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Hippogriff

Because my books are aimed at Years 5 – 8 (straddling the primary/secondary divide) I visit all kinds of schools, alternating between speaking to the oldest and youngest Year groups. Every school has a different – but, in my experience, always positive – atmosphere, from the most comfortable private school to the most cash-strapped state primary. I am full of admiration for the teachers who organise my visits; with all the pressures they are under already, it can’t be easy to free up several classes across a school day to attend my talk. Yet I often see from their faces – as well as the pupils’ – at the end that it’s been worth while. The experience of meeting a real, live author who takes the children on a journey they wouldn’t normally go on, can be truly exhilarating, inspiring them to take their own reading and creative writing to new levels. And that can only be good.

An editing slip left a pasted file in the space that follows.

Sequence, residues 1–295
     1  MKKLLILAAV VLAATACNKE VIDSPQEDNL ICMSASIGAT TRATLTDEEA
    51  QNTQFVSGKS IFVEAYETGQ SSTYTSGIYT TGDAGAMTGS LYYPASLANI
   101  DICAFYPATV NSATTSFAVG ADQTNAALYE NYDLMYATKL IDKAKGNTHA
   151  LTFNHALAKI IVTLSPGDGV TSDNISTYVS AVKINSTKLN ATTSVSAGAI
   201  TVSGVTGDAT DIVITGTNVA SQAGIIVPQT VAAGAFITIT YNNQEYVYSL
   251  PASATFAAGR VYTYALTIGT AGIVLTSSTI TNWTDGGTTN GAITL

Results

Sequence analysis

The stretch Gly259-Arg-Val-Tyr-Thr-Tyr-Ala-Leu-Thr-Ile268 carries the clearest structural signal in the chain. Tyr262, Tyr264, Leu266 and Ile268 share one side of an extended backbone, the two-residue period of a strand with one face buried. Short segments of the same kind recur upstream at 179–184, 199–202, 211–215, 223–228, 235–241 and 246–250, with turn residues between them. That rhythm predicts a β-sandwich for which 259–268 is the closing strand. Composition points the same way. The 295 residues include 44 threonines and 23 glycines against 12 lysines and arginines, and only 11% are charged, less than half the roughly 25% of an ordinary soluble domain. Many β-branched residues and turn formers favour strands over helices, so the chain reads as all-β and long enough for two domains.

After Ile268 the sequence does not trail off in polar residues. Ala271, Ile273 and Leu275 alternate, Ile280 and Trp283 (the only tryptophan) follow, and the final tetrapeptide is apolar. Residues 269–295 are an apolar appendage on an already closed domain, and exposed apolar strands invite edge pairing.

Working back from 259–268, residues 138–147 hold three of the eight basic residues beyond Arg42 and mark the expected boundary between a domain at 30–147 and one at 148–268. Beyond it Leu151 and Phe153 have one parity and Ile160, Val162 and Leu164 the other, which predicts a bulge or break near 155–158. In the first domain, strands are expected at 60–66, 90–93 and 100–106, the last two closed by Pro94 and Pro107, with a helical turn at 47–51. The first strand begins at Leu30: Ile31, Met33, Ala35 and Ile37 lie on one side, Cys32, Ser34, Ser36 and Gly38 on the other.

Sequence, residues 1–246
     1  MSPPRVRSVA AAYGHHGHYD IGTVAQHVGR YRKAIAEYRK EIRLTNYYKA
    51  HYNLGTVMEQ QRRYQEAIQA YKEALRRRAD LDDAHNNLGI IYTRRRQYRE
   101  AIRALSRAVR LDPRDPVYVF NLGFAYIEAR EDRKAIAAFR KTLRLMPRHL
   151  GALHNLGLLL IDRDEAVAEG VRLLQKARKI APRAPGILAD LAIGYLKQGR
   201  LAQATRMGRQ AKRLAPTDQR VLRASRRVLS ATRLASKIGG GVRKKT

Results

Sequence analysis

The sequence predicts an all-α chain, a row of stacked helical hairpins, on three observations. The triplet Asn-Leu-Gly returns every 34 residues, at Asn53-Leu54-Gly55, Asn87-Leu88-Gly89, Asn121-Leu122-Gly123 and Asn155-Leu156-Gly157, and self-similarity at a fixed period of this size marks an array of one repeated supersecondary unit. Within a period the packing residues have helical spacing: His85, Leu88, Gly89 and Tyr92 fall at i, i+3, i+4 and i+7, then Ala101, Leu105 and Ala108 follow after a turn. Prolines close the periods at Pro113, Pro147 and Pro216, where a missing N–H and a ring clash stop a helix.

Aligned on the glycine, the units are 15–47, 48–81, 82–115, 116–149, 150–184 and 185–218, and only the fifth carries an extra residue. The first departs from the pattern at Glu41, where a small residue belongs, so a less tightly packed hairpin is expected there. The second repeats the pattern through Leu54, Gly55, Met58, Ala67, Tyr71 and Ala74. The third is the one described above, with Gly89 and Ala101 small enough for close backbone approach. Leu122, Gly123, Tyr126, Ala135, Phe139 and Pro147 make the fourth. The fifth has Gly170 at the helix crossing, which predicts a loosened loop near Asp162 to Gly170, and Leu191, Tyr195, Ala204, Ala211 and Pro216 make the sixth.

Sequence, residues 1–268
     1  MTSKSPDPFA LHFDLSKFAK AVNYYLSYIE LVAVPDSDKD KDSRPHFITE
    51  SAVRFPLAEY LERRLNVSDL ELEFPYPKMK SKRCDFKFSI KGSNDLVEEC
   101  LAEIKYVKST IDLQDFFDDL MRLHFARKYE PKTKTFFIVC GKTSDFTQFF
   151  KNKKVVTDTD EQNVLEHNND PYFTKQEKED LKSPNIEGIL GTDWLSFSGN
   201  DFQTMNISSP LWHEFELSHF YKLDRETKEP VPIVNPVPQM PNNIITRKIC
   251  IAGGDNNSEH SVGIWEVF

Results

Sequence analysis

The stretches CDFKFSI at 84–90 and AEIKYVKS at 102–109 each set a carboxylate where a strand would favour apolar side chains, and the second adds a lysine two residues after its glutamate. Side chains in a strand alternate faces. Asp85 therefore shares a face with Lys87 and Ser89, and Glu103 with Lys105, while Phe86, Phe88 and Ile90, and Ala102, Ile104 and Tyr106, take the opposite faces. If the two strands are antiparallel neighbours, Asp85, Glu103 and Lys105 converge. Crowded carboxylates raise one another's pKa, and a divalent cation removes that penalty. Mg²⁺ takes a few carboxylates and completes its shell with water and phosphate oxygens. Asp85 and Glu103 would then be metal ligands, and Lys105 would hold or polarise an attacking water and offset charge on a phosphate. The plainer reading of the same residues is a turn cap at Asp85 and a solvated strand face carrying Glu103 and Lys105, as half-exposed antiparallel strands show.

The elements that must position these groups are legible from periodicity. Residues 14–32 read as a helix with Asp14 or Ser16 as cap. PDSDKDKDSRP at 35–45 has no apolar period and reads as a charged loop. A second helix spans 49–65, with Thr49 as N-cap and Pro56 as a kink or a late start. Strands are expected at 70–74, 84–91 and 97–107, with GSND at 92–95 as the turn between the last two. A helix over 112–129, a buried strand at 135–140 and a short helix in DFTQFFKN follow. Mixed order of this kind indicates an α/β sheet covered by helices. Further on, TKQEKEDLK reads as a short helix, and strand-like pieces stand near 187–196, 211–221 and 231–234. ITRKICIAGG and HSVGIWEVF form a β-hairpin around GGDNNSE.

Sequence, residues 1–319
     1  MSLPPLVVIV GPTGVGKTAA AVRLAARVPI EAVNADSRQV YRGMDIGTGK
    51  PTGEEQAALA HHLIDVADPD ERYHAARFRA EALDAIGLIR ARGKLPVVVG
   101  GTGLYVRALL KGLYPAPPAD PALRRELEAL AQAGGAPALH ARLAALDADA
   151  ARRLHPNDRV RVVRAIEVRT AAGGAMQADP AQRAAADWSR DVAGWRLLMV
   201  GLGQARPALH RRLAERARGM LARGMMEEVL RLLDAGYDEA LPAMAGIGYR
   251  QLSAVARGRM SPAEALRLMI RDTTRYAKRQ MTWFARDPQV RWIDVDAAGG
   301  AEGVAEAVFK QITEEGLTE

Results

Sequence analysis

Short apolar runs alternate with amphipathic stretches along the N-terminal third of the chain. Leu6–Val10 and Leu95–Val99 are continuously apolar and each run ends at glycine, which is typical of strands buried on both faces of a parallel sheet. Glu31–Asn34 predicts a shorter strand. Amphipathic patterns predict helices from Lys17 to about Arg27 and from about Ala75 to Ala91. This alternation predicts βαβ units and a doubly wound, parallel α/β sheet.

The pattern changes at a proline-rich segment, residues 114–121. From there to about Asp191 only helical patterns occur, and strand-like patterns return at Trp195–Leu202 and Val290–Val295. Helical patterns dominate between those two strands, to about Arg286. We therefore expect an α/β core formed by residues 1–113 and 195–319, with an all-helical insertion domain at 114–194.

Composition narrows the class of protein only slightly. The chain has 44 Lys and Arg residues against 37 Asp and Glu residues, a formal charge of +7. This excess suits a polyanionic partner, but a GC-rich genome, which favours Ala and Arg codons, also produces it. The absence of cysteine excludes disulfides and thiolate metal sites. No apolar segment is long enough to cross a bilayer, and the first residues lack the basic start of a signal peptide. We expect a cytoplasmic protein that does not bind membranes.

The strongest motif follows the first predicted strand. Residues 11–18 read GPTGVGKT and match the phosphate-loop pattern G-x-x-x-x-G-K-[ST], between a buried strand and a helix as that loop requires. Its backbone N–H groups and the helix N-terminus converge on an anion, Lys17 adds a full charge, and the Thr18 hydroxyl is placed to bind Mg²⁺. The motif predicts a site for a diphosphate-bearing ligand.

Why, then, do I find it so difficult to charge a visit fee?

Initially, I reasoned I was new to this game, the main thing was to spread the word about my books while enthusing my audience with the glories of reading, and with luck, to sell a good number of copies afterwards. A few visits which didn’t quite work out like that soon toughened me up. In some schools I’d sell 60 or 70 books; in others, after talking to 120 children, only a handful. I gained in confidence that what I offer is worth having, therefore charging a fee is perfectly reasonable (I know!). But what really swung it for me was an observation by a fellow author that if we, as speakers, don’t put a value on ourselves, neither will schools. My ‘generosity’ (ok, cowardice) in waiving a fee makes it much harder for another author to charge one, and time spent away from writing needs to pay its way, or how can a writer make a living?